From flips to kicks, Olivia Fiedler transitions from gymnast to dancer

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From flips to kicks, Olivia Fiedler transitions from gymnast to dancer

Jim Lindquist

Jim Lindquist

Jim Lindquist

Madison Wolter, Staff Writer

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Olivia Fiedler began her long ride of being a gymnast at a young age of 4. She grew tremendously in this sport making her way all the way to level 8 out of 10 levels by 8th grade. Competing at such a high level she had a decision to continue on going to the elite levels and switching gyms or choosing another sport. She was moving on to high school and felt she wanted to have more free time on her hands, which made her choose to join the dance team, rather than continuing her gymnastics career.

Olivia is the youngest of 3 children. Her older brothers of whom are Noah(17), Evan(19), and Olivia(15).

The Fielder family is all very athletic and thriving in their sports, but Olivia has no big reason as to why she was put into dance.

“My mom put me in a gymnastics class at TAGS and one day it just stuck,” Olivia Fiedler ‘21 said. Later, she switched over to dynamics gymnastics in Burnsville, MN.

Gymnastics started to be a big focus in Olivia’s life. At a young age, practice was not as gruff as it will soon come to be as she moved up levels. Gymnastics continues to grow in Olivia’s life making her drive and determination even more immense.

Gymnastics can be a very brutal sport, “30 min cardio, an hour plus of conditioning, go to events for 2 hours, finishing with 30 minutes of stretching” Fiedler said.

Even though Practices are long and hard every day, but for Olivia having her friends at practice always makes it more enjoyable. Olivia made her way up to level 8, competing at many competitions on her way to where she is now. Gymnastic competitions bring a new aspect competing.

It is a very exciting part after all the training, “showing off new skills and routines but very nerve racking cause you get one chance and it is easy to fall or mess up” Fiedler said.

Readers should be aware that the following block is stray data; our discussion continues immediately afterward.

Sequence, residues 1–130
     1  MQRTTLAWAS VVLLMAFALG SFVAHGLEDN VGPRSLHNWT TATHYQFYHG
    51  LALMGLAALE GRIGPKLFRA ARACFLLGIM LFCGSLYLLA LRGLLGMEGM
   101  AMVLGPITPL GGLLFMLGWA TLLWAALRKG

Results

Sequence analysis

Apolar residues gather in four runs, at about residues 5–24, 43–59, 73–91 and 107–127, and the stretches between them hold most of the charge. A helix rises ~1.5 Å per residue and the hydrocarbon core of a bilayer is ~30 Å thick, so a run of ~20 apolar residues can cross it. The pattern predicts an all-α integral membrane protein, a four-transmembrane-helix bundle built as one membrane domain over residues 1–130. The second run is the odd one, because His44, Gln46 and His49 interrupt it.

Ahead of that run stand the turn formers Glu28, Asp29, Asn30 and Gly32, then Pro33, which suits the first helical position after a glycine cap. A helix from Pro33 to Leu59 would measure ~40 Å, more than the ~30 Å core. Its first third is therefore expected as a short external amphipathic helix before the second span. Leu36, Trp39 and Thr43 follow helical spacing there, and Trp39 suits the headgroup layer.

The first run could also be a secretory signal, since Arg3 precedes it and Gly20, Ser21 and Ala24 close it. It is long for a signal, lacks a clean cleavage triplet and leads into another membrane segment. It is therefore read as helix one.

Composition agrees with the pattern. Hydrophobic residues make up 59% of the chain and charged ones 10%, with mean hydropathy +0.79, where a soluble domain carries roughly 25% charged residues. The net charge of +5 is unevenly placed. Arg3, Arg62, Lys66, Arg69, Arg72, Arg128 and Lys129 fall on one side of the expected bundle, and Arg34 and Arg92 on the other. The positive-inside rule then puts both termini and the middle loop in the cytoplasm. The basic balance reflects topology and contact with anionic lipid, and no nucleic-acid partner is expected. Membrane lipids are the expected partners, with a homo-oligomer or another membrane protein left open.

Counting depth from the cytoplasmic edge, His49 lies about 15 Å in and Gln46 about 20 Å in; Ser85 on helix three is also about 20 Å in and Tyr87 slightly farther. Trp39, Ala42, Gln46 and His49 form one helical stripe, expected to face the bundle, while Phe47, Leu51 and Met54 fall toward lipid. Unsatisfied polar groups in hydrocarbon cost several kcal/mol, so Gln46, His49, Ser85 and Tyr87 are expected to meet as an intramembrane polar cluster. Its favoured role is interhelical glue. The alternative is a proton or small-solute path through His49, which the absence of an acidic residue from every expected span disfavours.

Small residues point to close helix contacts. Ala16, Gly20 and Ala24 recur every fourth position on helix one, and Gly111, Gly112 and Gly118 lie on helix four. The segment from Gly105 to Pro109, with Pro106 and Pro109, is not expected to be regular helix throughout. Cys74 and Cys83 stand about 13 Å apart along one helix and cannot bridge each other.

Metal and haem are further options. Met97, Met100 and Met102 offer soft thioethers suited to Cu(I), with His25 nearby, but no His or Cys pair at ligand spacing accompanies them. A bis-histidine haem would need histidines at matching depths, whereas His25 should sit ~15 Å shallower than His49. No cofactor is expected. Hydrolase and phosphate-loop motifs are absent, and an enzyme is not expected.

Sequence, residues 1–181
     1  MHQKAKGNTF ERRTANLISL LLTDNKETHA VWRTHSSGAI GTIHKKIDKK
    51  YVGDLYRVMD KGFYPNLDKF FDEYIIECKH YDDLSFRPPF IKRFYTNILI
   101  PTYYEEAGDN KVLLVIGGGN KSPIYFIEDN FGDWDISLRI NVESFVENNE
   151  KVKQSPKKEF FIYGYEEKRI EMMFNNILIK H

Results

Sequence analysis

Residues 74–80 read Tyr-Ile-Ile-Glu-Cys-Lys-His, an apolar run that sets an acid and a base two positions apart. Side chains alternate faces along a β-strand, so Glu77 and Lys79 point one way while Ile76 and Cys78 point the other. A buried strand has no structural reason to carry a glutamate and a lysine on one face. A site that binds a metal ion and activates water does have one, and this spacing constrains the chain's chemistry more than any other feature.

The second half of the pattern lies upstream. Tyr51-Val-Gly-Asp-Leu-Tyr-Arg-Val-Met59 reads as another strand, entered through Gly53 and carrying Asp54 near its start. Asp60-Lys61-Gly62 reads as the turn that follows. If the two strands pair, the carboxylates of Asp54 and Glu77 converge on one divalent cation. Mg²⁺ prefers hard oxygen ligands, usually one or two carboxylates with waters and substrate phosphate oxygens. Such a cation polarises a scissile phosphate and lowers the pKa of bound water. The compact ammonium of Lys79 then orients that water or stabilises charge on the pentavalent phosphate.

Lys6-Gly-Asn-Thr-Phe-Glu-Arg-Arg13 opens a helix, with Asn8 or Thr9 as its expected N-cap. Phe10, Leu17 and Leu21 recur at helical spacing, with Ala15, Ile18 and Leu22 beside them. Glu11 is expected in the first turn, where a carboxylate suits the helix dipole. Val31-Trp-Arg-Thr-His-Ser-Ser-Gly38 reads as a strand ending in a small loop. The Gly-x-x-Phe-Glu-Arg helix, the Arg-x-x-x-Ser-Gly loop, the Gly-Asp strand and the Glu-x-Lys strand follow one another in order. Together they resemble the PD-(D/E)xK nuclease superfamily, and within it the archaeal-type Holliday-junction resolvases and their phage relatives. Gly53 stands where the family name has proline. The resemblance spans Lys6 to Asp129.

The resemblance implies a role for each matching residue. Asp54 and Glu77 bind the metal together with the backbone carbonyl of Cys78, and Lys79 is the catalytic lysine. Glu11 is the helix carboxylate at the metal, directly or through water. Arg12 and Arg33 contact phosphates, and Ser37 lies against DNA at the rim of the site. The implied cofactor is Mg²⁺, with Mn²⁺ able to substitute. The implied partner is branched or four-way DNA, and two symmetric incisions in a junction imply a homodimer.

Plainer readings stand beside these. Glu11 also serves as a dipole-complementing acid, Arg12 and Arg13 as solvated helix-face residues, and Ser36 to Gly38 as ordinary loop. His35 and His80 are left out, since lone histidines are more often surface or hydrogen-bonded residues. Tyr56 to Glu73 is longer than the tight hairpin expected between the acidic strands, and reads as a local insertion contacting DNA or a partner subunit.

After level 8 of gymnastics, you can then go on to level 9 and 10 which are the top level of gymnastics to be on. Once you have reached this level you are most likely to continue on to college gymnastics. But in Olivia’s situation, she still had a few more years of high school left so she would need to switch over to an elite gym where she could compete at Worlds and Nationals.

In gymnastics level 8, Olivia the top gymnast in the state as she was placed first at her state competition. Although she was just placed first, this was not enough to keep her in the sport. Making the decision to quit did not come easy for her.

“I was on and off for 3 months,” says Fiedler. “There were many talks and tears with my coaches,” Fiedler added.

There was an idea in her head that she would just take a break for and just go back after a few months. Many hardships were felt as Olivia left the gym.

The toughest part for her though had to be leaving all of her friends some of them for over 6 years. After gymnastics, Olivia knew that she needed to be involved in something so she decided to try out for the cougar dance team since she knew a few people doing it and later decided she would join the winter dance team.

Dance and gymnastics are two very different sports, yet some gymnastic skills can carry over into dance.

The biggest difference for Fiedler is being on a real team.

“The team aspect. It was hard going from all eyes on you to having a team also relying on you” Fiedler said.

Gymnasts contribute to a team in individual events, but it is not going to matter too much if there is an injury or someone does not make it to the meet. In dance, this is the total opposite because you work as a team.

Dance competitions are another major difference.

Competing at dance competitions are more fun than stressful, you get to get ready with your friends and hang out until it is time to perform”

— Olivia Fiedler

“Competing at dance competitions are more fun than stressful, you get to get ready with your friends and hang out until it is time to perform” Fiedler adds.

Many people come to dance competitions to cheer on their fellow classmate or family member, making there be many people in the crowd rooting for the team.

Gymnastics and dance are both very similar in how brutal practices and competitions can be.

“In gymnastics, I practiced 22-24 hours in a week,” Fiedler said. On The Cougar Dance Team, you will dance 15 hours a week. The time span may be very different, the amount of work put into each is close. Both take in lots of cardio and stretching to keep up with all the leaps and tricks.
Fiedler is only a sophomore and has been done with gymnastics for 2 years now. If she were to do a sport in college it would be gymnastics. But, “since I have been done for so long now I feel as though I could not go back,” Fiedler said.

The practice time of dance gives Olivia much more spare time to do other activities.

“I teach a youth group on Wednesday and I love doing that,” Fiedler said.

Joining dance and quitting gymnastics may not have been easy for Fiedler at first, But now she is thriving living the best life possible.

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